FIGS. 1 a, 1 b, and 1 c show different positions of the two-step rocker arm 14 and deactivating stationary lash adjuster 20 when the engine valve 16 is deactivated (i.e., zero-lift mode). The two-step rocker arm 14 may be implemented, by way of example, as that described in the above referenced U.S. Pat. No. 6,769,387, entitled “Compact Two-Step Rocker Arm”, or in any other suitable configuration. Also, the deactivating stationary lash adjuster 20 may be implemented as that described above, or in any other suitable configuration. Returning to FIG. 1 a, at this position, the high-lift cam lobes 28 and low-lift lobe 26 are on the base circle. The kinematics of the ensuing lost motion at the two-step rocker arm 14 and the stationary lash adjuster 20 depends on the relative strengths of the biasing springs associated with the rocker and the stationary lash adjuster, respectively. If the biasing spring 52 in the stationary lash adjuster 20 does not apply a turning moment to the low lift inner arm 30 that is larger than that from the rocker's biasing spring 36, the two-step rocker arm 14 will rotate as a solid body, following the high-lobe cam 28 lift. The initial lost motion takes place entirely at the stationary lash adjuster 20. The lost-motion stroke capacity at the stationary lash adjuster 20 has to be designed to accommodate the low-lift cam lobe's 26 maximum lift such that the lost motion will be completed without lifting the engine poppet valve 16 on which the respective low-lift inner arm 30 is now pivoted. Subsequently, the slidable inner body (plunger) 48 of the stationary lash adjuster 20 will land on a dead stop, and the remaining lost motion, following the high-lift cam lobe 28, takes place between the two arms of the rocker 14 against the rocker biasing spring 36.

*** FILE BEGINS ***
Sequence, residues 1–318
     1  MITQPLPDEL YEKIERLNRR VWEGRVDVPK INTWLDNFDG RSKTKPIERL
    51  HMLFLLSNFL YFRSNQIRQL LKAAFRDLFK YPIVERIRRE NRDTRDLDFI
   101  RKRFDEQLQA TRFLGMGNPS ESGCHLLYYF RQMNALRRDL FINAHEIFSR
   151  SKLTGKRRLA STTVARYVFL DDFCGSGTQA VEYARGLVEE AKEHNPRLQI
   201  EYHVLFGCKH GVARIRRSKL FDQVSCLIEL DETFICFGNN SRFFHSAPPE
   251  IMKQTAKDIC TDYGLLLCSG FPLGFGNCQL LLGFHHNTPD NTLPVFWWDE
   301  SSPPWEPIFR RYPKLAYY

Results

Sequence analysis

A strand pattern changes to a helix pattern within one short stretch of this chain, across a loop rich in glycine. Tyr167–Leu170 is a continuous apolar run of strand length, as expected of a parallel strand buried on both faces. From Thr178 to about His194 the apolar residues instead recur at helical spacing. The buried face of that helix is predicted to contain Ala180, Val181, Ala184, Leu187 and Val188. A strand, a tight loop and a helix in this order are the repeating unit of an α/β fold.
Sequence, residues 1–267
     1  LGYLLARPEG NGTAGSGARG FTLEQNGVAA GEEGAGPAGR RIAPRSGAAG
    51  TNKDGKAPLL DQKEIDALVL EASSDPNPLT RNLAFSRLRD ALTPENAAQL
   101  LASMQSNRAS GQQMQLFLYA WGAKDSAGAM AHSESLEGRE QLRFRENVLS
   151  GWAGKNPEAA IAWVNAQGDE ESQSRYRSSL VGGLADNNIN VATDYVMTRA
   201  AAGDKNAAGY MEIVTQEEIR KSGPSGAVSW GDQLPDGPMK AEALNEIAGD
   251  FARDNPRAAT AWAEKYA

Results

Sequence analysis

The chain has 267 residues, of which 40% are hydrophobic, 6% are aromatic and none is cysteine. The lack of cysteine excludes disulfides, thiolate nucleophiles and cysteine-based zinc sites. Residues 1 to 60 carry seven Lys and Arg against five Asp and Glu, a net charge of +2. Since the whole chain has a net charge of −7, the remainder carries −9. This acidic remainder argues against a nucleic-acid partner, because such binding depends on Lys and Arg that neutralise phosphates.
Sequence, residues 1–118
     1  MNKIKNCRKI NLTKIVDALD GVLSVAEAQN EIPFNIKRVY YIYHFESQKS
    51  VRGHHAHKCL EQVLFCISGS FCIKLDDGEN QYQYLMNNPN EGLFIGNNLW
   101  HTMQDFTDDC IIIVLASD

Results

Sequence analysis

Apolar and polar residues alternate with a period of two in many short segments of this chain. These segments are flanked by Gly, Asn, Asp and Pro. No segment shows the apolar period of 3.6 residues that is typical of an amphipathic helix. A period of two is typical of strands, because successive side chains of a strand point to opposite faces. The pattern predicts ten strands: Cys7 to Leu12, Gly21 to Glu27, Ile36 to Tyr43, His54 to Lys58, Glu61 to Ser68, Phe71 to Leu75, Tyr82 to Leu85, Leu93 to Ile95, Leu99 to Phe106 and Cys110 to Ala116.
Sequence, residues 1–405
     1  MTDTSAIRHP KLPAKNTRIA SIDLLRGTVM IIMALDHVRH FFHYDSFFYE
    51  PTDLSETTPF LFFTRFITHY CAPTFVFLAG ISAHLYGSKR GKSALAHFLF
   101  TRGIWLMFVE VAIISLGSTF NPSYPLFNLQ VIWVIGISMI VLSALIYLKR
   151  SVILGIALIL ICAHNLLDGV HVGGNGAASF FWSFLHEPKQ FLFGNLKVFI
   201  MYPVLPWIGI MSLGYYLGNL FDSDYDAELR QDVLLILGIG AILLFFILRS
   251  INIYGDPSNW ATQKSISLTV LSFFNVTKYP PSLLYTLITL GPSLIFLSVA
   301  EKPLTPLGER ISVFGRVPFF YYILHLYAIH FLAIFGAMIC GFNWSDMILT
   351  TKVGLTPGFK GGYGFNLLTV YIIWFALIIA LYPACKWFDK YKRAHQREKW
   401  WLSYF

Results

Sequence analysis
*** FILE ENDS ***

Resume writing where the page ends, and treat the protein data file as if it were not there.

If, however, as illustrated in FIGS. 1 b and 1 c, the turning moment applied to the low-lift inner rocker arm 30 by the stationary lash adjuster biasing spring 52 is larger than that applied by the rocker biasing spring 36, the lost motion at the stationary lash adjuster 20 is controlled by the low-lift cam lobe 26. The high-lift cam lobes 28 then only cause a relative rotational lost motion between the two arms 30, 32 of the rocker 14. Hence, for as long as the stationary lash adjuster biasing spring 52 does not become solid (i.e. the plunger 48 is not locked to the body 50), and the proper lost motion stroke capacity to accommodate the low-lift cam lobe 26 displacement exists, there will not be a “landing” contact between the moving and the stationary parts of the stationary lash adjuster 20.

As shown in FIG. 1 b, the lost motion of the stationary hydraulic lash adjuster 20 is defined by the low-lift cam lobe 26, and the high lift cam lobe 28 causes further displacement of the outer arms 32, and therefore causes lost motion between the inner and outer arms 30, 32. Accordingly, FIG. 1 b illustrates simultaneous lost motion in the two-step rocker 14 and in the deactivating stationary lash adjuster 20.

In FIG. 1 c, the deactivating stationary lash adjuster 14 has almost returned to its fully extended position, and most lost motion is achieved within the two-step rocker arm 14 as the inner and outer arms 30, 32 are separated by the high-lift cam 28 against the bias of the spring 36.